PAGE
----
TOPEKA, Kan. (KSNT) – The challenge of exploring space is something every state in the U.S. is connected to, including the Sunflower State.
You might be surprised to learn that Kansas has several connections to space and the National Aeronautics and Space Administration (NASA). While the Sunflower State may not be home to one of NASA’s launch sites or more notable space race museums like the Kennedy Space Center in Florida, it does have several unique ties to the exploration of our solar system or to space in general that you might not know about.
Ad Astra Per Aspera
One space connection that may come to mind is the Kansas state motto, “Ad Astra Per Aspera.” This phrase emerged shortly after Kansas was made into a state in 1861 for use on the Great Seal of Kansas by Senator John J. Ingalls of Atchison, according to the Kansas Historical Society. The Latin phrase translates to “To the stars through difficulties.” It was eventually adopted and placed onto the seal during the first state legislative session on May 25, 1861.
Kansas’ state motto is also featured on an exhibit in NASA’s Kennedy Space Center, according to NASA. The motto appears as “Ad Astra Per Aspera – A Rough Road Leads to the Stars” on an exhibit dedicated to astronauts who have lost their lives in NASA’s space program. Specifically, it honors the lives of Gus Grissom, Ed White and Roger Chaffee, who died during the failed launch of the Apollo 1 mission in 1967.
The statue, Ad Astra, standing atop the Kansas statehouse, draws its name from the state motto, according to the Kansas Historical Society. The 22-foot tall statue depicts a Kansas warrior in honor of the state’s Native American history and points to the North Star. Weighing more than 4,400 pounds, it has adorned the top of the statehouse since 2002.
Located in Hutchinson, the Cosmosphere got its start in the 1960s. A woman named Patty Carey, with a passion for astronomy, opened a planetarium in 1962 called Hutchinson’s Theatre of the Skies, according to the Cosmosphere’s website. She was able to do this with funds she raised over several years to purchase a used planetarium and dome, making it the first planetarium in the state.
Since then, the Cosmosphere has steadily grown and expanded, according to its website. It now boasts an impressive array of attractions like the Hall of Space Museum, Carey Digital Dome Theater, Justice Planetarium, Dr. Goddard’s Lab and CosmoKids. The Cosmosphere’s museum is home to numerous exhibits dedicated to the exploration of our solar system, like the V-2 Gallery, Cold War Gallery, Apollo Gallery, Our Universe Gallery and more.
Five people born in Kansas made significant contributions to NASA’s space program over the years, according to NASA’s website. These are Tyler N. Hague, Joseph Henry Engle, Steven Hawley, Ronald Evans and Ed Dwight.
During the mid-1960s, Ron Evans and Joe Engle joined the NASA astronaut program, according to the Kansas Historical Society’s website. Evans was born in St. Francis, while Engle hailed from Abilene. The pair would later graduate from the same engineering class at the University of Kansas and go on to be part of the backup crew for the Apollo 14 moon flight.
Ed Dwight of Kansas City, Kansas, was the first African-American named to NASA’s astronaut program in 1963, according to the Kansas Historical Society. While Dwight never went to space, he was inducted as an honorary member of the U.S. Space Force in 2020.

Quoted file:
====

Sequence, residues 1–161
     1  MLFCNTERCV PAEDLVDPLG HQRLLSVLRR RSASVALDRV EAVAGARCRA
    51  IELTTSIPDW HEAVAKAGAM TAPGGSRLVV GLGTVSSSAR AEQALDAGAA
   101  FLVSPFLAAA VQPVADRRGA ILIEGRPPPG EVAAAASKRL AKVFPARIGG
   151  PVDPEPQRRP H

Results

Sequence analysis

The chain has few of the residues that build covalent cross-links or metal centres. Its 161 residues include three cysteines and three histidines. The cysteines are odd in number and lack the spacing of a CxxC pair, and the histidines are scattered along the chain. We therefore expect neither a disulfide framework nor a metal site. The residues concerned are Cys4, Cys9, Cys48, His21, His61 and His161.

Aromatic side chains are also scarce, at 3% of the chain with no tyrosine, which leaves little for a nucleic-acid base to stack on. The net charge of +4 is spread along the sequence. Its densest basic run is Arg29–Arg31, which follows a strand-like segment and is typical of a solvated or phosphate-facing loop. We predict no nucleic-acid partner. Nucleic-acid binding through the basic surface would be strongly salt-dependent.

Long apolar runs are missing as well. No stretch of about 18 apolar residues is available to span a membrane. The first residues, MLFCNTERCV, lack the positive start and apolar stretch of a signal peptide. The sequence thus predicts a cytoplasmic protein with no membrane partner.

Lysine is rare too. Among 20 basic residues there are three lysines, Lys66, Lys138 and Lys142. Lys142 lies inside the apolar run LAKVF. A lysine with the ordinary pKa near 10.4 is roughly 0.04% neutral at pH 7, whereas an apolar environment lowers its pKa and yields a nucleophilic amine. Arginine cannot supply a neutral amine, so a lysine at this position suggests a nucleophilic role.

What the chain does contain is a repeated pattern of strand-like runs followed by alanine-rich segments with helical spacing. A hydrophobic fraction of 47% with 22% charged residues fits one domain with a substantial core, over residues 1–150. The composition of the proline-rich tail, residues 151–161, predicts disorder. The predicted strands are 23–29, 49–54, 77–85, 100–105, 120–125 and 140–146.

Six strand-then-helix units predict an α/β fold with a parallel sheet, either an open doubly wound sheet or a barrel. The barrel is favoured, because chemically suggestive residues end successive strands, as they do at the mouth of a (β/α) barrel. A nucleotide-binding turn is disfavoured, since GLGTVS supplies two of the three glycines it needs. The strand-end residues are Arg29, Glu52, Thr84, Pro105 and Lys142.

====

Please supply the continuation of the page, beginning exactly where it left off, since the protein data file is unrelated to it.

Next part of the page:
Dr. Steve Hawley, born in Ottawa, flew on five shuttle missions and spent a total of 32 days in space, according to the Kansas Historical Society. A graduate of KU, Hawley spent a decade teaching physics and astronomy at the university before retiring in 2018.
Nick Hague of Belleville was chosen by NASA as a new astronaut in 2013, according to NASA. He completed his first trip to the International Space Station in 2018 and currently works for NASA on its Boeing Starliner Program.
Discovery of Pluto
While not a native of the Sunflower State, Clyde W. Tombaugh is remembered fondly for his work in the exploration of our solar system and his connections to Kansas. Tombaugh was born in Streator, Illinois, in 1906 and spent his early years growing up on a family farm there until moving to a farm in Burdett, Kansas, in 1922, according to the New Mexico Museum of Space History.
Tombaugh displayed a love for astronomy from an early age, spending his time constructing his own homemade telescopes, which he used to study Mars and Jupiter, according to the New Mexico Museum of Space History. In 1929, he was hired to conduct planet-search photography at Lowell Observatory in Flagstaff, Arizona. In 1930, he earned his place in history with the discovery of Pluto, which also led to him receiving a scholarship to KU, where he would earn his graduate and master’s degrees.
Tombaugh continued to contribute to the study of our solar system and the identification of other celestial bodies in the years to follow, according to the New Mexico Museum of Space History. He died on Jan. 17, 1997, at the age of 91 and was cremated with some of his ashes placed on a probe meant to reach Pluto in 2015.
Comet Hug-Bell Discovery
Two Kansas astronomers recently contributed to the exploration of outer space when they found comet P/1999X1, according to Harvard University. The comet was named Hug-Bell after Gary Hug and Graham E. Bell of Eskridge, Kansas.